si dawson

experiments in self-improvement

Month: March, 2012

Learning To Love Everything

Unconditional love is a slippery little bugger.

The basic problem is judgement. As soon as our brain screams “This guy doesn’t deserve love” or “Yes he does!” then voila, it’s no longer unconditional.

Yes, even deciding someone does deserve love is not unconditional.

But ok, let’s back up a bit. Why the hell bother with love anyway?

Several reasons:

  1. Being loving is the highest, happiest place we can be
  2. It’s healthiest for us
  3. It’s the best for those around us (i.e., those we care about)

Check it: think of someone you really like. Now imagine them in front of you, while you’re being the nicest you possibly can be. You’re doing something they enjoy, saying something they adore hearing, and they’re happy happy happy. How do you feel? That’s right. Unbelievable.

Now true, there’s definitely an endorphin kick to improving someone else’s life (philanthropists aren’t in it just for the tax breaks), but the real secret is that it feels great to be loving. Even more so than being loved. Now that is a surprise.

Based on modern media, you’d think the happiest you could ever be is when someone (preferably on a horse, wearing armour, maybe holding their lance) loves you.. but it’s quite possible for someone to love the hell out of you while you remain stubbornly miserable. Trust me, I’ve been there (uhh, sorry, ex-girlfriends).

Why do you think limerance, those early stages of a new relationship, feels so great? It’s not just because someone is flattering us (while forgiving our *cough* more human aspects). It’s because we’re being unconditionally loving (ie the same) to them.

Not only that, but as our new lover holds a mirror to the best parts of us, we are unconditionally loving towards ourselves. For a brief moment all the self-criticism pauses and we are truly self-loving.

Being loving is peaceful, happy and it’s zero stress. It enhances our health and makes us a hell of a lot nicer to be around. Perfectly desirable, you might say.

On the flipside, non-loving feelings feel crappy, and who wants that?

Keeping Our Brain Out Of It

Since being loving feels so great, why wouldn’t we want to feel it all the time? So how do you love consistently, without the ol’ lizard brain jumping in the way?

The trick is to make the decision to always love. Then keep reminding yourself as often as possible. This way you never have to make another “Does this person deserve love?” type decision. If your default response is to always love, you never need to think. It keeps your brain out of the picture altogether.

Now, I’m not usually a fan of either-or thinking, but in the case of love it’s useful.

Every thought or feeling can be easily divided into loving or non-loving. If it’s non-loving, we can simply let it go (I’ll explain how in a bit) and replace it with the opposite, loving feeling.

It’s the kind of assessment you can do without going via your brain: Loving is super easy to see; non-loving is everything else.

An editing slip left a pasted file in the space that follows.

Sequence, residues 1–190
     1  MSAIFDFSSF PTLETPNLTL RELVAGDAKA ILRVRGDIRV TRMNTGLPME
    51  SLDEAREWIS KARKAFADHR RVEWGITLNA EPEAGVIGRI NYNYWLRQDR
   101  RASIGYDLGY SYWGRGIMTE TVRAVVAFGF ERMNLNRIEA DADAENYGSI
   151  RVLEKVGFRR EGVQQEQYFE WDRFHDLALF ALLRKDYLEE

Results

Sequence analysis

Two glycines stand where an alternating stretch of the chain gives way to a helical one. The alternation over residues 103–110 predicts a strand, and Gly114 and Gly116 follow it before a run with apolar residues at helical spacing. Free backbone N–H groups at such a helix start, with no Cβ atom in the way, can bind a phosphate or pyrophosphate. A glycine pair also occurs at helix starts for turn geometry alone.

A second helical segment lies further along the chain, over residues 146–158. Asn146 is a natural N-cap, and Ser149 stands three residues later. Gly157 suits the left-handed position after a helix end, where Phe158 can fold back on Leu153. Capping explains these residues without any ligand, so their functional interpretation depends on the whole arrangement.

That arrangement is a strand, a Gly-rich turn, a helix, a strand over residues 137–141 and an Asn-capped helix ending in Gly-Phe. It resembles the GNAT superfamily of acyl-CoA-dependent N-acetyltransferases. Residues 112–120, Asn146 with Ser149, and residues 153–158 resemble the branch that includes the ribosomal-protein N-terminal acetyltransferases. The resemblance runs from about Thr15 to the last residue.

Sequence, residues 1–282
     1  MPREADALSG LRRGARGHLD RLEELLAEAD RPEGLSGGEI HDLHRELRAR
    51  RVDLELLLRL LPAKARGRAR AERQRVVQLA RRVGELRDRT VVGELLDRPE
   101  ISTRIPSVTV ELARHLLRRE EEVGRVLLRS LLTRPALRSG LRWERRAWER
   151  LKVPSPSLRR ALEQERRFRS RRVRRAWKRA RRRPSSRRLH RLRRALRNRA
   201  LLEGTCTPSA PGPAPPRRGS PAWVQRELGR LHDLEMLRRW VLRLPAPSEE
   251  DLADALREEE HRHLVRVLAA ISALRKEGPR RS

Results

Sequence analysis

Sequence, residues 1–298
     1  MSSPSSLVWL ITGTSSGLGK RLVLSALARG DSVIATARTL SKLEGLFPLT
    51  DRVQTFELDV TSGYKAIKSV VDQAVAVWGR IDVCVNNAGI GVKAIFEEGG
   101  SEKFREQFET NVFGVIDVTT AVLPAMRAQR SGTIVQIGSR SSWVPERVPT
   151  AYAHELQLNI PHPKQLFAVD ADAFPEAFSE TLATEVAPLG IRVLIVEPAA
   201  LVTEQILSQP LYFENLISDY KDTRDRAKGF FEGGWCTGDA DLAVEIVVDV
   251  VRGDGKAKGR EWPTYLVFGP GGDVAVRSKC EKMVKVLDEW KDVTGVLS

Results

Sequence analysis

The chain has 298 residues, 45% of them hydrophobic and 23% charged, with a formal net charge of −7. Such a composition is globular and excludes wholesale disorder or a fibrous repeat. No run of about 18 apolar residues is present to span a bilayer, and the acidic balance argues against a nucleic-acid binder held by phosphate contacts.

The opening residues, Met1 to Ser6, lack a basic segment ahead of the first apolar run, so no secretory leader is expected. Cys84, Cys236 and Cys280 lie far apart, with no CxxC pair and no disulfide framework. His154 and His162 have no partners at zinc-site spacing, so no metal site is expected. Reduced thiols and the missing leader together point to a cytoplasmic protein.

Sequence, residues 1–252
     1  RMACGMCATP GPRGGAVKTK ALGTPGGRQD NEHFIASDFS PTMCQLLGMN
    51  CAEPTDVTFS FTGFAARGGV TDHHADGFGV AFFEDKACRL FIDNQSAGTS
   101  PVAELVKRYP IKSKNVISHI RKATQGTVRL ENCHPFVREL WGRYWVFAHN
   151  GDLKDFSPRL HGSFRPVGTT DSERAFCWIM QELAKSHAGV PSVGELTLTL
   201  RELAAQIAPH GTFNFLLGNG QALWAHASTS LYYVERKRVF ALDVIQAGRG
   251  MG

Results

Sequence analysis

Keeping our brains out of it is critical. It stops us tying ourselves up in knots. Ye olde Keep It Simple, Sexy.

Getting Started

Best of all, it really doesn’t matter if you suck at being loving – or if you feel you’ve never experienced love. Every time you let go of a non-loving thought & decide to be (more) loving, things get a teensy bit better. It’s just a practice. Every step you take is a step in the right direction. It gets much, much easier the more you do it.

Oh, and you can always try (I did, with great success) “I love that I suck at loving”, “I love that I can’t (feel) love” and so on. Whatever feels right to you; It all helps.

As an end goal, if it was possible to be loving all the time about everything (spoiler: it is), then you’d feel great every second of every day, no matter what happened around you.

To start with, even feeling great for a moment is better than not, so it’s totally worth trying. You find joy on the journey and every step towards that goal gets more joyful, and easier.

Of course, if you consciously want to feel crappy about something, this may not be the approach for you.. but that’s ok too. Everyone chooses their own path.

“I Am Loving” vs “I Love”

Now, what I’m talking about is being in a state of loving. Ideally always, but every second helps.

English is a little tricky here, since when we say “I love cheese” we’re talking about our attitude towards cheese. “I am loving cheese” indicates a state of being. It’s a subtle difference, but an important one. Unfortunately, “I am loving” is a far more passive sentence, so it’s less useful in practical terms, but I’ll get to that in a bit.

The short version is this: it’s quite feasible to say “I am loving about this” while holding onto non-loving feelings. Remember love the sinner, hate the sin (and other hypocrasies)? Yeah, that.

So even though we’re aiming for “I am loving cheese”, it’s most powerful to say “I love cheese.” Uhh, or other, you know, not-cheese stuff.

How To Do It

Right. Enough of the chit-chat, how do you do this?

It’s very simple. You remember how to let things go, right? (hint: just choose to.) You’re the boss. Every voice that pops up “Wahh, I can’t because..” well, they’re wrong. Persistent, convincing, LOUD, yes, but wrong. You’re the boss. Just keep reasserting yourself, and bit-by-bit you will reclaim your inner power.

Now, think of something you hate. Something that bugs the hell out of you, really tickles your monkey. Now say (out loud, preferably.. and tapping your karate chop point, if you feel like an extra boost):

“I love (whatever it is)”